These tips will get you into shape and eating right, because its #NationalNutritionWeek
Be ‘breakfast ready’ and beat the morning rush
Breakfast doesn’t have to be a big production - with some planning and preparation, it can be quick and easy.
Before you go to bed at night, set up your kitchen for breakfast.
Soak the oats and slice the fruit so you don’t have to do it in the morning.
Cook extra maize meal porridge for the next day’s breakfast when making supper, or boil some eggs the night before.
Make it healthy and enjoyable
“It’s easier to make breakfast a daily habit if you enjoy it,” says Carol Browne of the Nutrition Society of South Africa (NSSA).
“While our cultures may define what breakfast foods are, there are really no hard and fast rules. For example, maize meal porridge with maas and an apple; brown bread with pilchards and sliced tomato."
Last night’s leftover beans can be used as a sandwich filling on brown bread for a great breakfast.
You don’t have to do a mega breakfast all in one go
There are many people who question the advice to eat when they don’t feel hunger after they have woken up.
However, breakfast can take place within 3 hours after waking.
You can stagger your healthy breakfast by starting with an unsweetened, low-fat yoghurt before you leave home; having a banana en-route to work and eating a brown bread peanut butter sandwich just before you start work.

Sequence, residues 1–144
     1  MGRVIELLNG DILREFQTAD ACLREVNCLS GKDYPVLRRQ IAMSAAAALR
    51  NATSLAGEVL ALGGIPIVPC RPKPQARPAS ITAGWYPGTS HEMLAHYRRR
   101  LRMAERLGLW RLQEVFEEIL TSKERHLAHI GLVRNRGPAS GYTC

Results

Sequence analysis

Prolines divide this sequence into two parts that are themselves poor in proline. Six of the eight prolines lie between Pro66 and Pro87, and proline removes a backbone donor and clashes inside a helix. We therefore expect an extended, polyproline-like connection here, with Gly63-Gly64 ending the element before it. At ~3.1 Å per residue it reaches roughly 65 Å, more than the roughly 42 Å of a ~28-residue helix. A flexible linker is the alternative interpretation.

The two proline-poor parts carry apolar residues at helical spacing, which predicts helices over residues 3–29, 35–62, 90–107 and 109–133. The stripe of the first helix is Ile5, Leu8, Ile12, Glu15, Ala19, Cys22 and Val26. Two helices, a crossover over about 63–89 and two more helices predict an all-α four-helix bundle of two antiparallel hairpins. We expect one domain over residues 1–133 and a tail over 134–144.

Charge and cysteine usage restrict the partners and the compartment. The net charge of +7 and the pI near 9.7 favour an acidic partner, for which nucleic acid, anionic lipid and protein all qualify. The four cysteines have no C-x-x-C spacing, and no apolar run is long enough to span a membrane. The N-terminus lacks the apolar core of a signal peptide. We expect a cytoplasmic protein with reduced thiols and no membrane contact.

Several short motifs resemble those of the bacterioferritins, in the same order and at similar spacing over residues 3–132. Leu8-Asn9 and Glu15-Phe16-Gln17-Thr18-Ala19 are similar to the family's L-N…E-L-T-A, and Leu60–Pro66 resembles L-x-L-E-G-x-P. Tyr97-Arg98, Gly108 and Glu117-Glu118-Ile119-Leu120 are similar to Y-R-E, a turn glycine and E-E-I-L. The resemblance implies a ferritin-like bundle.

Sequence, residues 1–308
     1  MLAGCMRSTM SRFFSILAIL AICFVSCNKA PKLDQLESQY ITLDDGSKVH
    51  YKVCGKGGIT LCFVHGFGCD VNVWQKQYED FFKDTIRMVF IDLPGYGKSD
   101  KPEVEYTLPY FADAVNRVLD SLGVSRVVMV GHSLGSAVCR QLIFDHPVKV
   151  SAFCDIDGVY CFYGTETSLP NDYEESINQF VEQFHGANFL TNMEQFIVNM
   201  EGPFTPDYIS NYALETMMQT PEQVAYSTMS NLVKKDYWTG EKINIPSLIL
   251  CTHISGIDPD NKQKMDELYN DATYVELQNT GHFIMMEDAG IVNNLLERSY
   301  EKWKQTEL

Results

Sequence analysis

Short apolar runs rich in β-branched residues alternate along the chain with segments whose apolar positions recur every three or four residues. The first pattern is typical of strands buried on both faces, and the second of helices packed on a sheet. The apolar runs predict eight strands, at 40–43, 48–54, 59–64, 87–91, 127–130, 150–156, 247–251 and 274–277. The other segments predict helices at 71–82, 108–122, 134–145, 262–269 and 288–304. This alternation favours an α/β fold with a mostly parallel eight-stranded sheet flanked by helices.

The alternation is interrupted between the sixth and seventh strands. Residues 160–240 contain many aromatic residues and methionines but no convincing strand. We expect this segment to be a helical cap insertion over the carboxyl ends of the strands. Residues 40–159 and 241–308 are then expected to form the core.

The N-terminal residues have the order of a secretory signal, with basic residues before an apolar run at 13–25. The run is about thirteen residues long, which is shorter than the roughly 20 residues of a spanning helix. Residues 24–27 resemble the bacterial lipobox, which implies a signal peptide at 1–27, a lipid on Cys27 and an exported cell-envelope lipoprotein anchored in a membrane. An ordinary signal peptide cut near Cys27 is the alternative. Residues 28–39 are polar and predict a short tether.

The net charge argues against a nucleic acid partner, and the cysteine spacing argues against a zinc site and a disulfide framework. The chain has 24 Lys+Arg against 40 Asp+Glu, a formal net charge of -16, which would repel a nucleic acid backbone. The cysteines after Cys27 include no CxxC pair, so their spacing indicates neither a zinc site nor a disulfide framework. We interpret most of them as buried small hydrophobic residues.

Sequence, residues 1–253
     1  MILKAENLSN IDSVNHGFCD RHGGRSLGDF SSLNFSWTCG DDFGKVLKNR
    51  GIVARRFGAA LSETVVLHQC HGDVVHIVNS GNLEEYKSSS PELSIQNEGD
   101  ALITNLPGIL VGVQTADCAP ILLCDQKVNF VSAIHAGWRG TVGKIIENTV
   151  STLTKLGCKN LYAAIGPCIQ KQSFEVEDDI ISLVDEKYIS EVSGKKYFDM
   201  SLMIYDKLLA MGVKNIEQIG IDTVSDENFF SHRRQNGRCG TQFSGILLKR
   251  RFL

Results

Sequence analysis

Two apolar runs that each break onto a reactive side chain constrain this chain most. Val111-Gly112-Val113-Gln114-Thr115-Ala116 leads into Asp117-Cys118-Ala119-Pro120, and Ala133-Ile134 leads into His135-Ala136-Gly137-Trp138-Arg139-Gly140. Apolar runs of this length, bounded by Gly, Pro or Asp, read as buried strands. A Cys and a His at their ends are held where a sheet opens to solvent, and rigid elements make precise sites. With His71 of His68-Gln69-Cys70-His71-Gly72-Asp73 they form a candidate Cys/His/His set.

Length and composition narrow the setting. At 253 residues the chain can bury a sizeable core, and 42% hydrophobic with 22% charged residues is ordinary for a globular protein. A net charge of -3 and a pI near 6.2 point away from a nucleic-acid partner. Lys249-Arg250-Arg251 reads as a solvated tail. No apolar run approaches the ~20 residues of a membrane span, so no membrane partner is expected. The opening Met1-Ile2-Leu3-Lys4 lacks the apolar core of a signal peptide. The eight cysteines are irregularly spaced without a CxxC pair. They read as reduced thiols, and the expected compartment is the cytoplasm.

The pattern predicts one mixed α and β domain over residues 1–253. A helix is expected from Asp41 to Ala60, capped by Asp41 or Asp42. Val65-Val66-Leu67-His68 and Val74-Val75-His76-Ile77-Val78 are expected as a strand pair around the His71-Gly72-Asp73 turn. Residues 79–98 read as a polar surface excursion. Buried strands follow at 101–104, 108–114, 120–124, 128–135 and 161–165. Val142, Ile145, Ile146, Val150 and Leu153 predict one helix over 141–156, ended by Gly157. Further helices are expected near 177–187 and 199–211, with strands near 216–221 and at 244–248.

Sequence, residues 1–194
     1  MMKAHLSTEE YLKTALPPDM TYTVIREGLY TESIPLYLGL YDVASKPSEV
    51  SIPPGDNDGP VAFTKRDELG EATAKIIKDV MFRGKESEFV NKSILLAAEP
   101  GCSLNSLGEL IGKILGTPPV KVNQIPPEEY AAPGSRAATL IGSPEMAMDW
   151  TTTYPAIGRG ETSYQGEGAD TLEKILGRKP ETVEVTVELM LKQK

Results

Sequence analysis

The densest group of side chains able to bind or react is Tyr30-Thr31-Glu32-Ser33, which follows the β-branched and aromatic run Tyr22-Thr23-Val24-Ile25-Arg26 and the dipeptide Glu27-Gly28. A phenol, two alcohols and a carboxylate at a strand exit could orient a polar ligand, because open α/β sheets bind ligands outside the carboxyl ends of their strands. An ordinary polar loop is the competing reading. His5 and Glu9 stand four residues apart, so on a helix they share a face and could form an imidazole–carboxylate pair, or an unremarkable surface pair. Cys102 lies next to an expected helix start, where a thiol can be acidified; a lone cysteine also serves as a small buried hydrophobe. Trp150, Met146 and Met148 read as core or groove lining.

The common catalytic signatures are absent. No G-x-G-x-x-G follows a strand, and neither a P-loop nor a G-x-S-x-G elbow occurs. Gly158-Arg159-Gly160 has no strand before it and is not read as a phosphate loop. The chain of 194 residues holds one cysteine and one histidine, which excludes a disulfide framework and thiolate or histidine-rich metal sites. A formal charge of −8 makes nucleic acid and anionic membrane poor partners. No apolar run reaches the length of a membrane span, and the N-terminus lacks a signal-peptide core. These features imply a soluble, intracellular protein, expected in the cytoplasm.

Get your children involved in breakfast
Parents and caregivers are role models for the healthy lifestyles we hope our children will adopt for their lifetimes.
Studies have shown that children who eat breakfast perform better at school than those who skip it.
Eating breakfast has an immediate, positive impact on cognitive function, especially memory and concentration.
Parents are the major influence on whether children make eating breakfast a habit.
It helps to make breakfast a family activity and involve children in preparing breakfast and eating together.
Parents also need to ensure that healthy breakfast options that their children like to eat are available in the house.
Don’t let breakfast break the budget
Drawing up a monthly food budget and sticking to it can make a healthy breakfast, and all other family meals possible.
Shop smarter wherever you can.
Buy in bulk wherever possible, sharing, especially bulk fruit and vegetables, with extended family, friends and neighbours so that you can all benefit from healthier food choices.
Monitor and reduce any household food waste.
Think about how you can include more affordable healthy ingredients such as dry beans and lentils in your family meals.